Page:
Gryphon athlete Dustin McCrank likes to throw his weight around. But the defending national weight-throw champion knows enough to leave the brawn in the ring.
When McCrank dusts the chalk off his hands and dons his hockey linesman’s stripes or his Gryphon athletics T-shirt, it’s a different game. Last month, the fifth-year anthropology student ─ and multi-sport athlete and official ─ began a one-year contract as co-ordinator of Gryphon intramural, camps and community programs in the Department of Athletics. He’ll oversee a team of intramural sport co-ordinators and peer helpers, look after camp administration, and co-ordinate Gryphon community leagues.
It’s a big job for a big guy, but at 6-foot-4 and 250 pounds, McCrank figures he can shoulder it.
Guelph intramurals are big too, attracting about 5,000 participants each semester. Including students in multiple activities, that works out to about 7,700 registrations per semester for some 700 sports teams. And that makes U of G’s intramurals one of the largest Canadian university programs, he says.
In between intramurals and varsity games, U of G athletics facilities welcome about 2,700 youngsters to summer activity camps and up to 400 Guelph-area residents for summer sports leagues and old-timers winter hockey.
McCrank figures he’s a natural for the co-ordinator role. Since arriving at Guelph, he’s played intramurals ─ hockey, baseball, flag football and floor hockey ─ and has helped lead sports activities on and off campus. Among his plans for 2011, he aims to improve the intramurals website to make it easier for students to sign up and make team rosters online. He’s also helped arrange alternative venues to the closed Gryphon Dome this year, including organizing March madness soccer tournaments in the W.F. Mitchell gym this semester.
Says Dave Trudelle, supervisor of intramurals, clubs, martial arts, sport classes and camps: “Dustin brings a great passion for active living, excellent client services skills and a respectable professionalism to all of the positions he has held in our department.”
McCrank’s new job also lines up with his career plans. After completing his degree this spring, he hopes to begin a master’s program in leadership studies in spring 2012.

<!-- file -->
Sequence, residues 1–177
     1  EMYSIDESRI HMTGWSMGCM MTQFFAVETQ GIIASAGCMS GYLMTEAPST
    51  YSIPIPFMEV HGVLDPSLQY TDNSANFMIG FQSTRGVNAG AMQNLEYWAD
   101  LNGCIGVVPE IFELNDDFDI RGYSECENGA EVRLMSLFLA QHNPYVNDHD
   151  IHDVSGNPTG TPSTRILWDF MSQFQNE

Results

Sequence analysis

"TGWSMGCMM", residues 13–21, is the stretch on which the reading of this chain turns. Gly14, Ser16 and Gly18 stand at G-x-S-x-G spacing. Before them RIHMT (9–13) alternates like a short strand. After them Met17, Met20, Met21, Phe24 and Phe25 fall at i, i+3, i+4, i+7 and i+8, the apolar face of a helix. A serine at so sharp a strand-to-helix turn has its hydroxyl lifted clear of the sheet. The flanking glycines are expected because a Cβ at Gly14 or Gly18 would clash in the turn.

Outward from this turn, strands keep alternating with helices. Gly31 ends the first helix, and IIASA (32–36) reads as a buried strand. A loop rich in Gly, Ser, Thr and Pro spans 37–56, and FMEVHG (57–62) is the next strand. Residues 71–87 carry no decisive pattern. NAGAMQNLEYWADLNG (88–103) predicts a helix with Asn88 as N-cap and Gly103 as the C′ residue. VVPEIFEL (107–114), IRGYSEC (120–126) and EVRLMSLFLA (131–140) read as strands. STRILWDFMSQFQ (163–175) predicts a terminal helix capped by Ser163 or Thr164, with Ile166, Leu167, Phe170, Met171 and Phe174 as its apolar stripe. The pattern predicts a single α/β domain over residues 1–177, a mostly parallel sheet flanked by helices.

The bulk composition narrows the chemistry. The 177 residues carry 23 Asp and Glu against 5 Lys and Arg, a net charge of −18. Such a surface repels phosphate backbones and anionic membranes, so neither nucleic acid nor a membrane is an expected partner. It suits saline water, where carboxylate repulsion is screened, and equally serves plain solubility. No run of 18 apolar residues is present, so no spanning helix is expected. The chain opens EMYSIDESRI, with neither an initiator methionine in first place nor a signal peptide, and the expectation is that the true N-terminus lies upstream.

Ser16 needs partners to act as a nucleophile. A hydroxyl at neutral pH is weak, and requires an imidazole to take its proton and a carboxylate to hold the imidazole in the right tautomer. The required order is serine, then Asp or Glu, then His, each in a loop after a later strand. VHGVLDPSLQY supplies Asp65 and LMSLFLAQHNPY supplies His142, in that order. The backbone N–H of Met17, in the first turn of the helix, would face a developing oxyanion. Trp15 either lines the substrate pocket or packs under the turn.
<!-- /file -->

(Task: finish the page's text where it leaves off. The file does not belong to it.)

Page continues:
Right now, it’s all about preparing for Canadian Interuniversity Sport (CIS) track and field championships, taking place March 10 to 12 at the University of Sherbrooke.
In a come-from-behind win at last year’s nationals in Windsor, McCrank hurled the 35-pound weight for a gold-medal distance of 18.61 metres, more than a metre further than his closest competitor. In 2009 he won silver.
At provincial championships last weekend, he collected silver with a throw of 17.29 metres, sandwiched between Gryphon teammates Tim Hendry (17.39 metres) and Brent Roubos (16.52 metres).
McCrank feels good about his medal prospects for Sherbrooke. Referring to Hendry, he says: “He’s ahead in the rankings, but I’ve been known to show up at CIS and come from behind.”
Mention weight-throwing, and you might think brute strength. Yes, brawn helps. But there’s more to it than that. “You have to be explosive.” It takes speed, strength, rhythm and not a little co-ordination to swing a 35-pound lead ball on a handle while spinning heel to toe within a tight throwing circle.
For McCrank, those same attributes translate well to the varsity rugby field, where he’s played for three years. “You’re playing defence, but there’s always a chance to score. I’ve surprised a lot of people with my speed.”
He played varsity hockey in his first year here. He was recruited by the Gryphons after having grown up with the game in Haileybury, Ont.
Most often when he laces up his skates today, he also pulls on a linesman’s striped jersey. He’s spent 15 years calling offsides and icing. He works at varsity games and now officiates for both the Ontario Hockey League and the Ontario Hockey Association.
Like any official, McCrank says he’s taken his share of abuse from the stands. Still, he’s able to block out most of the distractions from behind the glass ─ or even uses the occasion to observe spectator behaviour with the disinterestedness of an anthropologist.
“It all comes down to integrity and how people respect you,” says McCrank. “It’s all about calming things down and composure.”